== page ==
Kosovo and Albania signed a landmark agreement to coordinate their foreign policies and unify their diplomatic missions – though some experts doubt it will mean much in practice.
Kosovo and Albania have signed an agreement on unifying and coordinating their foreign policy, which will include joint embassies.
Kosovo Foreign Minister Behgjet Pacolli visited his counterpart Gent Cakaj in Albania and they together signed the agreement on Tuesday.
The two states agreed to closely coordinate foreign policy, create joint diplomatic missions and share staff and experience for the implementation of their own national interests, Pacolli wrote on Twitter.
“This is a big step ahead to come together in front of the world and act as a [single] nation,” he continued, referring to the fact that both Balkan countries are mainly ethnic Albanian.
Albanian Foreign Minister Cakaj said he felt honoured to conclude such an agreement. “It opens new horizons for joint institutional action as we move ever closer towards deep national integration,” Cakaj wrote on Twitter.
But not everybody believes the agreement will be carried out in practice.
“The same happened at the joint meetings of our governments [of Kosovo and Albania]. It is more like a patriotic show than a concrete political action for the improvement of our relations,” Nezir Kraki, analyst and professor of European Policies at Université Paris-Est Créteil, UPEC, told BIRN.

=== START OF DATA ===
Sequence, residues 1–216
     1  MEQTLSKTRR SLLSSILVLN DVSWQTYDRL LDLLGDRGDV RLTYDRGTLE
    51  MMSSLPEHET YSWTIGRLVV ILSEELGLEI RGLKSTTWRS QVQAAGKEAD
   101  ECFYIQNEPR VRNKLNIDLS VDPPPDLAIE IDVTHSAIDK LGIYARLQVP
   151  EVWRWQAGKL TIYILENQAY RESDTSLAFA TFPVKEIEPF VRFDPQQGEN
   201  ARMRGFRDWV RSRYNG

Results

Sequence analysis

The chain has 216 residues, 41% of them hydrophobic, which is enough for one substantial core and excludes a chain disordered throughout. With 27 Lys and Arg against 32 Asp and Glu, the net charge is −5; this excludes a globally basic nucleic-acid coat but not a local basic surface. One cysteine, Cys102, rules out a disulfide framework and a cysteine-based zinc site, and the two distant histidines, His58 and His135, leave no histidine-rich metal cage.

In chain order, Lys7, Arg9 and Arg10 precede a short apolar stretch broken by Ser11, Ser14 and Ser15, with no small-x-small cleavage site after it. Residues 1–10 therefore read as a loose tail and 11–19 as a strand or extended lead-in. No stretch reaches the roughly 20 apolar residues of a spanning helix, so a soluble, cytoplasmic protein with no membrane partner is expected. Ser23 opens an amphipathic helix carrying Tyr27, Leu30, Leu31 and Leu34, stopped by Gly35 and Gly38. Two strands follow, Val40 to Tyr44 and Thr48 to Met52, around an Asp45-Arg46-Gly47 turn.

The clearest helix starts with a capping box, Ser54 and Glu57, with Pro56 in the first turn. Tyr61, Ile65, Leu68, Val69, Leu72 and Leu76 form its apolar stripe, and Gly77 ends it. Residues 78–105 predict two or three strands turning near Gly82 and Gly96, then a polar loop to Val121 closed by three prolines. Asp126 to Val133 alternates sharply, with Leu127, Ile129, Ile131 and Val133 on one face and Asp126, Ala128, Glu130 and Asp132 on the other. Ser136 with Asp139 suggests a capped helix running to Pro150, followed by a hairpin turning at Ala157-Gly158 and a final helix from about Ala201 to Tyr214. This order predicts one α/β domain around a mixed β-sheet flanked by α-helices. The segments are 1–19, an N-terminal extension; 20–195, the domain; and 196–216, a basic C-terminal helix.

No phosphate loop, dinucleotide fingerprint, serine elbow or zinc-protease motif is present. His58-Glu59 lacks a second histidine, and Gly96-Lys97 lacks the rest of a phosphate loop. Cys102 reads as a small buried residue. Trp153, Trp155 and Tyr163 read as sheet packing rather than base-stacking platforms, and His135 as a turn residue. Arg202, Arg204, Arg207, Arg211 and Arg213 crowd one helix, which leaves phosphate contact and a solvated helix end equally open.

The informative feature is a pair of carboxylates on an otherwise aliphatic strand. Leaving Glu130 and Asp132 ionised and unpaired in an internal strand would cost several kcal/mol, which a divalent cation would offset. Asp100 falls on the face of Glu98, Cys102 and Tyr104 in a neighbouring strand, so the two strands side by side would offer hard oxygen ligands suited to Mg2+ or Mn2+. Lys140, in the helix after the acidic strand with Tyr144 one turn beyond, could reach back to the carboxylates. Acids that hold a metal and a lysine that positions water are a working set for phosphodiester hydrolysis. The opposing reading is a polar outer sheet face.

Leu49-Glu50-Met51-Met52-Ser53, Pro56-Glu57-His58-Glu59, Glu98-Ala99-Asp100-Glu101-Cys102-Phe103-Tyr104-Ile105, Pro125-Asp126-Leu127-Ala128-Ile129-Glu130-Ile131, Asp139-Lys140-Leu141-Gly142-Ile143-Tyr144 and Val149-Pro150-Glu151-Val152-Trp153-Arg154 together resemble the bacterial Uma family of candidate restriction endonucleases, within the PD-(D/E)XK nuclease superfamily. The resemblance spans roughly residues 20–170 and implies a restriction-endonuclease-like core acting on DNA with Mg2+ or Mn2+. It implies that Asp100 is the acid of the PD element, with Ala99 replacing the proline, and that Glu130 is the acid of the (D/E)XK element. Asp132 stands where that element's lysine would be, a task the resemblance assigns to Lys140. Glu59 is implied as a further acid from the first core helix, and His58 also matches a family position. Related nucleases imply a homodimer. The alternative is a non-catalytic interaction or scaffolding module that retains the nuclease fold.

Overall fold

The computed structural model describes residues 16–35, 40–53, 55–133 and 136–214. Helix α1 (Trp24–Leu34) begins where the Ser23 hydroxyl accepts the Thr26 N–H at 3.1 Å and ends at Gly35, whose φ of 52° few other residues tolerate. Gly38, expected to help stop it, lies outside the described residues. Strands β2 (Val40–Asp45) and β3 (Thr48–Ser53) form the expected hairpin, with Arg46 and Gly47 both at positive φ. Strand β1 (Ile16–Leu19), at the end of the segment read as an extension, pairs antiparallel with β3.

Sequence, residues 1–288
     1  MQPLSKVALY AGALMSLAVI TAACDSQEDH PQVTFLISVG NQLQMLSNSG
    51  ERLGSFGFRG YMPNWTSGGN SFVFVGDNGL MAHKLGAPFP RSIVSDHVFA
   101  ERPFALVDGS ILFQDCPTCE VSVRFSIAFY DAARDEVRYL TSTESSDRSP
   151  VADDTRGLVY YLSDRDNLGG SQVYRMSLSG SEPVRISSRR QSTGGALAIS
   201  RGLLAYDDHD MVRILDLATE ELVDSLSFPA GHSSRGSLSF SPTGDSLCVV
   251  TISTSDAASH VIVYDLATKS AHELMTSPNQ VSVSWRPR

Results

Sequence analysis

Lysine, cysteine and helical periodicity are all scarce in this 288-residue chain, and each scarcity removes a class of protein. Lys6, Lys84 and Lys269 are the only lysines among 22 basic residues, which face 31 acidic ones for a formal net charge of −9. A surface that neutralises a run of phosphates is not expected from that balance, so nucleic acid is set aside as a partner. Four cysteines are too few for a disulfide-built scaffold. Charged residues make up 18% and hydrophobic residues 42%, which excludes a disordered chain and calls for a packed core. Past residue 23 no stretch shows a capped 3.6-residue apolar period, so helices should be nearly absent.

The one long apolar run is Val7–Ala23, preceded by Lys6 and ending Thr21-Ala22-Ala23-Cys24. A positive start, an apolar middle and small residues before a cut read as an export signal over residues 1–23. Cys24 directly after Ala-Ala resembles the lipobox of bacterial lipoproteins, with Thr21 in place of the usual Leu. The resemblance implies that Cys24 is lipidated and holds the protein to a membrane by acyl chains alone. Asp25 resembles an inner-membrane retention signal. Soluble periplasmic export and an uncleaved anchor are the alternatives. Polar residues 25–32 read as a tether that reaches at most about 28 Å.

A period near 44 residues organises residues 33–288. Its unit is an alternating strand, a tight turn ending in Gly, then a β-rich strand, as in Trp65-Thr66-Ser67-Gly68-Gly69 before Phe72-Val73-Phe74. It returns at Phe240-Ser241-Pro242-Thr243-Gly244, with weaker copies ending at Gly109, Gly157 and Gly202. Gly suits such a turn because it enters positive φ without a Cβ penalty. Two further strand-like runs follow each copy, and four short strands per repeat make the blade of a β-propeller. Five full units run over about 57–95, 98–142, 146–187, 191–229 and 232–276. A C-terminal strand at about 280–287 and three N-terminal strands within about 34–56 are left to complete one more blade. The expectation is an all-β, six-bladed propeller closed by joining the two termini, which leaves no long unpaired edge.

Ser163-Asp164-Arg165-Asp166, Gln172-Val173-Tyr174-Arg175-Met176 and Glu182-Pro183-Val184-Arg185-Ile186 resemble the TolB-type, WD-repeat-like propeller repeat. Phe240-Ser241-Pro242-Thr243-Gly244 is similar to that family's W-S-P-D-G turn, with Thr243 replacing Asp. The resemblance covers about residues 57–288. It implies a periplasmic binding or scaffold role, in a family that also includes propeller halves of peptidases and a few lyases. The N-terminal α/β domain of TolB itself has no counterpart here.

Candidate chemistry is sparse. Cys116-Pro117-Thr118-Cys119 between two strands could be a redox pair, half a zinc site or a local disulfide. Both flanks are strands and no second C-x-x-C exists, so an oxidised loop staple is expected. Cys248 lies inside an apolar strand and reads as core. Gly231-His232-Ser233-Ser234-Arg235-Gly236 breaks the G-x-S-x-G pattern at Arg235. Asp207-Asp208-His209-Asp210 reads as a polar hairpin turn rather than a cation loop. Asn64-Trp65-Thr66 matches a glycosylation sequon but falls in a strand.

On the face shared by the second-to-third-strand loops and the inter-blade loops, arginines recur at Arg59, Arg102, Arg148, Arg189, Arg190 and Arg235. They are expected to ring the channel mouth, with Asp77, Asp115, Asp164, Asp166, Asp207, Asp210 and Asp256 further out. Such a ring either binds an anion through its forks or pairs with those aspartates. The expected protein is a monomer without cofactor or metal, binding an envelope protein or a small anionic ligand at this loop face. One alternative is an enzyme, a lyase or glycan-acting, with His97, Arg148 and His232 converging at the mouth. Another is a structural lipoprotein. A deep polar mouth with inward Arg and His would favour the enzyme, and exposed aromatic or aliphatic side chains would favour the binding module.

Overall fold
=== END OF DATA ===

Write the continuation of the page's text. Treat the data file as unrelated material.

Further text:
He noted also that the foreign policy of Albania “is not at all in line with that of Kosovo”.
“Kosovo has other concerns. Albania should not be tied to Kosovo but continue on its path”, he added. For now, he believes, it is enough for each state not to be an obstacle to the other.
Last month, Kosovo President Hashim Thaci started a new discourse about Kosovo joining Albania, after his former call for “border corrections” between Kosovo Serbia got nowhere.
On Monday, commemorating a battle between Serbian forces and the Kosovo Liberation Army, KLA, in Pashtrik during the war of independence from Serbia, Thaci went further, asking the Kosovo and Albania parliaments to take action.
“New circumstances are being created, and the best solution would be that two parliaments, of Kosovo and Albania, approve the statements of the people’s wish to live in a single state,” he said.
Reviving an option that has historically been only a “dream” for many Albanians has put Thaci back in the limelight of TV debates in Kosovo and Albania.
However, Kosovo Prime Minister Ramush Haradinaj, one of the strongest opponents of the border correction policy, has said he is not convinced about the prospect of instant unification with Albania.
“This is a century-long project but, in this phase, I think the most important thing is to deepen cooperation between Kosovo and Albania and remove bureaucratic and administrative hurdles,” Haradinaj told journalists last week.
03 July 2019 - 16:52
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